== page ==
Homily for Monday of the 23rd Sunday in Ordinary Time Year A
Theme: The Poison of Hatred.
By: Fr. Evaristus Abu
Homily for Monday September 9 2019
(Read Colossians 1:24-2:3, Psalm 54 and Luke 6:6-11)
“Now I rejoice in my sufferings for your sake, and in my flesh I complete what is lacking in Christ’s afflictions for the sake of his body, that is, the church (Colossians 1:24).
The word ‘hatred’ can be defined as a “deep and emotional extreme dislike. It can be directed against individuals, groups, entities, objects, behaviours, or ideas. Hatred is often associated with feelings of anger, disgust and a disposition towards hostility.” According to St. Maria Gorretti in the movie produced about her life: “Hatred is worse than malaria.”
A person who hates is BLIND because hatred prevents him from appreciating his fellow human being as a person made in the image and likeness of God. He only sees loopholes and faults.
Hatred also makes a person DEAF in that he only wants to hear about negative things about the victim of his hatred and even when you tell him something good about that person, he becomes enraged with vicious criticism.
Hatred also makes a person DUMB in that he finds it difficult and impossible to use his mouth to speak well about the victim of his hate. He ceases every occasion to discredit the person painting him or her as worse than the devil.
Most times, we tend to disguise our hatred in the pretence of fighting a just cause or we may claim to be obeying certain laws, but the fact is that once there is hatred in our hearts, our worship of God is useless.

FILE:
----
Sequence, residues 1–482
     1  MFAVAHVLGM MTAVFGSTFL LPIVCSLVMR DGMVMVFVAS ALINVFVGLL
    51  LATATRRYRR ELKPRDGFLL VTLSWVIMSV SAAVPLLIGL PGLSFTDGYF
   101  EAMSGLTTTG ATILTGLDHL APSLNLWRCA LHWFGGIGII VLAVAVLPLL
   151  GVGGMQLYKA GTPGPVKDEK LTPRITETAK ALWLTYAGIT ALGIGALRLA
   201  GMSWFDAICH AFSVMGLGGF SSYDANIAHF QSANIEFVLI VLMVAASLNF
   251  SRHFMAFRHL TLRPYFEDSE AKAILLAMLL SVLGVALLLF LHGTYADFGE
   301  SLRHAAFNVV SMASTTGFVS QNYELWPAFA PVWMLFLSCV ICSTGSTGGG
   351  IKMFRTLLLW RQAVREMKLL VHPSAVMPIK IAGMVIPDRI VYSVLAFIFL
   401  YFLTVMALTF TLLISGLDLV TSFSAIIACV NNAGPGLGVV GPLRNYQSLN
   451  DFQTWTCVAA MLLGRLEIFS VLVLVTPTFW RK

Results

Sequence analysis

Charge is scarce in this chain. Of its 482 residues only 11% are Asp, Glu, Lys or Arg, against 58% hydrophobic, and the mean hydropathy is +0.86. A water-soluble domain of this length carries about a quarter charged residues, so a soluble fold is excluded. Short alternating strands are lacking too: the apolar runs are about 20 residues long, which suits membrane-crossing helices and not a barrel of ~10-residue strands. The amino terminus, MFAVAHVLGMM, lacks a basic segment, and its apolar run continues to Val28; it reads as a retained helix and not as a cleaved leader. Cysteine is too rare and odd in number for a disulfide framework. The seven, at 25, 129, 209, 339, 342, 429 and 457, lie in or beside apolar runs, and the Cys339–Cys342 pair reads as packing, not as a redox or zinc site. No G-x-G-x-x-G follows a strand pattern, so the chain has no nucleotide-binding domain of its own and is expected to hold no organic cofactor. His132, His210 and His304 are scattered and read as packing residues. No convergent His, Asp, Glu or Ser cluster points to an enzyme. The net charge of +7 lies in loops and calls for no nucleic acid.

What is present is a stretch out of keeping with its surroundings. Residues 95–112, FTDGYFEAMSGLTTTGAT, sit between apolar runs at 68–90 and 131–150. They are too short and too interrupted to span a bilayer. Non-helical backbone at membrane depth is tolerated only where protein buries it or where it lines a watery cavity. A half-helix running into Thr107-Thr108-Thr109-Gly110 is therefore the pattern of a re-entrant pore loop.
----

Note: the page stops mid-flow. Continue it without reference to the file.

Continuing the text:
Once the Scribes and Pharisees allowed this poison enter their hearts, they found it difficult to appreciate anything good in Jesus Christ. They said He healed people by the power of Beelzebub, they said He had no regard for the Sabbath, they said He was a super-arrogant and proud person claiming power that only God has by attempting to forgive somebody’s sins. All these things, they did not voice out, but Jesus could read their hearts, he saw their hatred.
In today’s Gospel passage, Jesus was in a Synagogue and there was a man there with a withered hand. Already filled with hatred, they did not think of the pain this man was going through, they did not consider the fact that he needed healing irrespective of whether or not it was a Sabbath day.
Beckoning on the man to come out in the open view of all, Jesus asked a simple question: “Is it against the law to do good or to do evil on the Sabbath day?” The hidden meaning of this question is that even when we may claim to be keeping the law, we could at the same time be doing evil if our keeping of the law becomes fuelled by hatred.
They couldn’t answer Jesus’ question so He said to the man: “Stretch forth your hand.” And instantly, he became well. Others were rejoicing and praising God, but those who had the poison in them who had become blind, deaf and dumb went about planning on how to destroy Jesus.
Hatred is deadly. Do not let it reign in your heart. Do not become infected by it simply because of what others do to you. *The real victim of hatred is not one who is hated but the one who allows this poison into his/her system.*
In the first reading, we see how Paul reacts to the suffering and hardships he endured in the hands of people who simply hated him for proclaiming Christ. He says “I REJOICE in my sufferings for your sake, and in my flesh I am filling up what is lacking in the afflictions of Christ…” When others hate us, we should not hate them back instead, we should rejoice and offer our sufferings to God.
Let us pray: Lord Jesus, help me to love you above everything else and to love my neighbour as myself, Amen.
Be Happy. Live Positive. Have Faith. It is well with you. God bless you. (Monday of the 23rd week in Ordinary Time. Bible Study: Colossians 1:24-2:3, Psalm 54 and Luke 6:6-11.).